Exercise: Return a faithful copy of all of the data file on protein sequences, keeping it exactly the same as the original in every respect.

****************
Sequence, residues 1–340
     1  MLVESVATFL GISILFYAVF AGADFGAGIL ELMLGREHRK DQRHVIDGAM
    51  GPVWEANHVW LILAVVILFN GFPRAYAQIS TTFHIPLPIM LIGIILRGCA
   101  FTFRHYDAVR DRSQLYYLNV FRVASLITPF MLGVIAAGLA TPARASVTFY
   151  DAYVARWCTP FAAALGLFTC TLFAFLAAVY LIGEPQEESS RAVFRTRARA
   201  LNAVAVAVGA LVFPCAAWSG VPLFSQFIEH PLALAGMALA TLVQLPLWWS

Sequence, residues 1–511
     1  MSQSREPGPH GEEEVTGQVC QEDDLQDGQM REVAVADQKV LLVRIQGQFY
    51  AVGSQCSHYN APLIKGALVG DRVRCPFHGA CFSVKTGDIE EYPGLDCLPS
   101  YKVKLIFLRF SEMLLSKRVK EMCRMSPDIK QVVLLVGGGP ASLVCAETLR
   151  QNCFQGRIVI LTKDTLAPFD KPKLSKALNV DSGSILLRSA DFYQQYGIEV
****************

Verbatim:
Sequence, residues 1–340
     1  MLVESVATFL GISILFYAVF AGADFGAGIL ELMLGREHRK DQRHVIDGAM
    51  GPVWEANHVW LILAVVILFN GFPRAYAQIS TTFHIPLPIM LIGIILRGCA
   101  FTFRHYDAVR DRSQLYYLNV FRVASLITPF MLGVIAAGLA TPARASVTFY
   151  DAYVARWCTP FAAALGLFTC TLFAFLAAVY LIGEPQEESS RAVFRTRARA
   201  LNAVAVAVGA LVFPCAAWSG VPLFSQFIEH PLALAGMALA TLVQLPLWWS

Sequence, residues 1–511
     1  MSQSREPGPH GEEEVTGQVC QEDDLQDGQM REVAVADQKV LLVRIQGQFY
    51  AVGSQCSHYN APLIKGALVG DRVRCPFHGA CFSVKTGDIE EYPGLDCLPS
   101  YKVKLIFLRF SEMLLSKRVK EMCRMSPDIK QVVLLVGGGP ASLVCAETLR
   151  QNCFQGRIVI LTKDTLAPFD KPKLSKALNV DSGSILLRSA DFYQQYGIEV